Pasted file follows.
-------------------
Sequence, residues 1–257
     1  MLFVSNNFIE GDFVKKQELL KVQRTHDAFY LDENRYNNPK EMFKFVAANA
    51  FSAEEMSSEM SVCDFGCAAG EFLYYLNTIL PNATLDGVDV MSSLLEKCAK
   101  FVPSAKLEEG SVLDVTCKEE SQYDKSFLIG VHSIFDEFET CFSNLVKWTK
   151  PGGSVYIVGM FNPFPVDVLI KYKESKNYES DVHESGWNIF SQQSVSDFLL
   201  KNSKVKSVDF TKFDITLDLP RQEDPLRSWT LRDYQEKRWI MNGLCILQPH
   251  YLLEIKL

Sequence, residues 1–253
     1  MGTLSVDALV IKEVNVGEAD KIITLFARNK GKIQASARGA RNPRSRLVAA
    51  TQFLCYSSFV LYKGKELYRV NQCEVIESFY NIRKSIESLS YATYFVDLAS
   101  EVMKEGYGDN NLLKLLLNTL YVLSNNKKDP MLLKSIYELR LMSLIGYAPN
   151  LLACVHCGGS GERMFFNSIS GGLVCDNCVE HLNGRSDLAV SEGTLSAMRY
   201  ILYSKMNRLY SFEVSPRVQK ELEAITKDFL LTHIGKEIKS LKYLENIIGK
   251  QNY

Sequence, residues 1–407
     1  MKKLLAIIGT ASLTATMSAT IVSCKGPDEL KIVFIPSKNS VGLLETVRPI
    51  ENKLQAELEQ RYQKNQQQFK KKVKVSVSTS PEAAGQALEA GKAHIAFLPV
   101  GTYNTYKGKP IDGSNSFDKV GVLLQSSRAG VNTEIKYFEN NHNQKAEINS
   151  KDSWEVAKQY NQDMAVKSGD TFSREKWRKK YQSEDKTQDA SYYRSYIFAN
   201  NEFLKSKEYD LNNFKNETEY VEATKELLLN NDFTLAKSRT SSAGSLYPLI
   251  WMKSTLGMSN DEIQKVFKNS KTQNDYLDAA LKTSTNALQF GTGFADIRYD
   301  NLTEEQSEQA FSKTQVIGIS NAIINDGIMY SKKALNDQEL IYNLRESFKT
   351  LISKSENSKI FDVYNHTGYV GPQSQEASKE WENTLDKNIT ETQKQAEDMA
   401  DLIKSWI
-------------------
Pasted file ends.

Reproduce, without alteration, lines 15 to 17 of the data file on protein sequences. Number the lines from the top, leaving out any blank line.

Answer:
Sequence, residues 1–407
     1  MKKLLAIIGT ASLTATMSAT IVSCKGPDEL KIVFIPSKNS VGLLETVRPI
    51  ENKLQAELEQ RYQKNQQQFK KKVKVSVSTS PEAAGQALEA GKAHIAFLPV